Over the last few years, a red-hot startup named Slack skyrocketed to a $US3.8 billion valuation by making it easy and (depending on who you ask) almost kind of fun to chat with your coworkers.
Slack even created kind of a rising tide in tech, accelerating interest in competitors like Atlassian HipChat, and opening the way for big companies like Facebook and Cisco to release their own work chat products. Google even introduced a new version of its Hangouts for work just last week.
Enter Microsoft Teams, Microsoft’s take on the market that’s now synonymous with Slack, announced late last year and officially available today.
Microsoft Teams, available for Mac, PC, Android, and iPhone, is a bundled part of the Microsoft Office 365 productivity suite for businesses. In other words, if your company subscribes to Office 365, you’re getting access to Teams very soon, if you don’t have it already. That’s an advantage that Slack and most others will have trouble matching, though it’s not going down without a fight.
Indeed, Microsoft itself has positioned Teams as a Slack-killer. But we got to try Microsoft Teams a little bit ahead of this official launch. And it’s a little bit more than that, and simultaneously a little less. Here’s the skinny.
This is basically the screen where you're going to spending most of your time in Microsoft Teams. You choose which Team and which chatroom you want to spend time in from that box on the left.
It's actually a little bit like Facebook: Someone writes something in the channel, and then you type responses under it.
For comparison, here's Slack, the $3.8 billion chat app that Microsoft Teams is going up against. It's a little more freewheeling, working like a group text message chain, with messages going up in chronological order as fast as people type them. It's fun and inspires back-and-forth, but a busy chat can get chaotic.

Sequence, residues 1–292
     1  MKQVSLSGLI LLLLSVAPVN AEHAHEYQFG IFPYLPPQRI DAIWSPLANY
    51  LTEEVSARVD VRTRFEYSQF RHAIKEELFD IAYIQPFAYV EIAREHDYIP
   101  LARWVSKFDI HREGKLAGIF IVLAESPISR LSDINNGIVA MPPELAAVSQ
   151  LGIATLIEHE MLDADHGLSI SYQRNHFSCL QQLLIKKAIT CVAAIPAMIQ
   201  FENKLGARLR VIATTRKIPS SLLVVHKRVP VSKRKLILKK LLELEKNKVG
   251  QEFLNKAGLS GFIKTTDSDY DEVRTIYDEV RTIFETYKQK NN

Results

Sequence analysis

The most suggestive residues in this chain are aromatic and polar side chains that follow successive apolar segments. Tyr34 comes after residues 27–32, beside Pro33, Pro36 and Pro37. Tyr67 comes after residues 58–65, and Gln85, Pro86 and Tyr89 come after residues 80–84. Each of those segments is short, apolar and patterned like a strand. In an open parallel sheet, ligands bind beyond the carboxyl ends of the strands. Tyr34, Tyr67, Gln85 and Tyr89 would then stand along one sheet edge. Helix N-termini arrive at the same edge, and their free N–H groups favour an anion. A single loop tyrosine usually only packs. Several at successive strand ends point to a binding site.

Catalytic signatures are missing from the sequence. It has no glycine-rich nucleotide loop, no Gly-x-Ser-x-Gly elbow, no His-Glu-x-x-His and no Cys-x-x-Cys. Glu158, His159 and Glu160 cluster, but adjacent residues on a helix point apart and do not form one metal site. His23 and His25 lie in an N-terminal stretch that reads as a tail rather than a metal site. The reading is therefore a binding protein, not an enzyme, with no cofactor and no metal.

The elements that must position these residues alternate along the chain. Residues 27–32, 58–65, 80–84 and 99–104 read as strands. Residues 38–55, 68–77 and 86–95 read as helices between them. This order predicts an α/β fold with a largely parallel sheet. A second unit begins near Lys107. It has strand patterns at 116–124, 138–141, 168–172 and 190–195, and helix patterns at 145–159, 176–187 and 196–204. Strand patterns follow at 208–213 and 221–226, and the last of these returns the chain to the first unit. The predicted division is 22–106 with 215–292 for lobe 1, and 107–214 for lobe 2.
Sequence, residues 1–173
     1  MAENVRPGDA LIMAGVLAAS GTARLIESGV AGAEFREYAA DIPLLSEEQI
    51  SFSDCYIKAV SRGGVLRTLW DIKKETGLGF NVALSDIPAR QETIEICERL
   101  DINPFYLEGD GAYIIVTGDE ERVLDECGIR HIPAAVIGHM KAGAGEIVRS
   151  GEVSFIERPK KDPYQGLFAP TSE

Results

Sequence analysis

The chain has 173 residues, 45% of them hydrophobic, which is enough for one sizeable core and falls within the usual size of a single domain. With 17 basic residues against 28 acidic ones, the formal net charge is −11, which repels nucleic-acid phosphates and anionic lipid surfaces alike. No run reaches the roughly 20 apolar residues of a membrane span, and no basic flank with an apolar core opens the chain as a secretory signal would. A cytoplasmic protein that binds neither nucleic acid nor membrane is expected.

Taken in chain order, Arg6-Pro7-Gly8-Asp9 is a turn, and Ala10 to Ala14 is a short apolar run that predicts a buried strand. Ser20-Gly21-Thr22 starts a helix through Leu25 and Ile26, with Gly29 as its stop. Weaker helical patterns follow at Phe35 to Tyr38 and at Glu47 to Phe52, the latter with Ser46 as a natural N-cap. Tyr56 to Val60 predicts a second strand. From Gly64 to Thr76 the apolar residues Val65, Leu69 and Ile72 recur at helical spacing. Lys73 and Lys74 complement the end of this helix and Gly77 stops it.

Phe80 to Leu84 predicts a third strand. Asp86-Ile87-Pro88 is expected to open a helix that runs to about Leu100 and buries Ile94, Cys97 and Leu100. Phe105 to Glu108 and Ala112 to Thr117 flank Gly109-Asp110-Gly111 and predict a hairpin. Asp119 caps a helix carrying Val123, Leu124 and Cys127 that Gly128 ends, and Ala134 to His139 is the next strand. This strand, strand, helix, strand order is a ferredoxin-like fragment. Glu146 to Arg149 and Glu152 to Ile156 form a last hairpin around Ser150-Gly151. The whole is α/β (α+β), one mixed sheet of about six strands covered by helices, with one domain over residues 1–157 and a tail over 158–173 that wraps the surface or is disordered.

Microsoft swiped one of Slack's best ideas, though. Meet T-Bot, a handy bot that can answer your questions about how to use Microsoft Teams directly via chat.
T-Bot can also lead you to more traditional manuals and help pages, too, covering all the bases for those who'd rather learn the old-fashioned way. And Microsoft promises that more bots from outside services are already on their way.
There's also an activity feed, to keep you posted on all the conversations in which you've been mentioned, so you can just pick up your phone or PC and see what's new in your world.
The little red 'at' signs help you quickly scroll to wherever your name is mentioned, which is a nice bonus.
Microsoft Teams supports rich formatting, so you can format your chat messages exactly the same way you would an email.
If you look, you can see that Outlook's famous 'redbang' exclamation mark for important images is along for the ride, too.
There are Facebook-style chat stickers, too. But Microsoft takes it a step further and adds a meme generator.
So I made a meme to commemorate the fact that my demo version of Microsoft Teams didn't actually have any real humans in it, only dummy test accounts.
When you go into a private chat with someone, it's more like a one-on-one text message conversation. Here, I'm demonstrating the built-in gif search...
...so I can nail this interaction with Adele Vance, the fictional human I'm chatting with here. And, um, if there IS a real Adele Vance who works at Microsoft, I'm very sorry.
Joking aside, Microsoft Teams boasts deep and impressive integrations with the rest of the Microsoft suite. From any conversation, you can book an Outlook meeting with the participants.
From those meetings, you can even directly launch a Skype video or voice call with the participants. It's pretty neat.
...and even get access to data pulled from PowerBI, Microsoft's data dashboard software, straight from within the chat interface, so you can assign out tasks based on it. That's assuming your company uses PowerBI, that is.
There are other integrations, too, with popular non-Microsoft tools like Trello, Asana, and Github, so you can keep your chat and your work close together.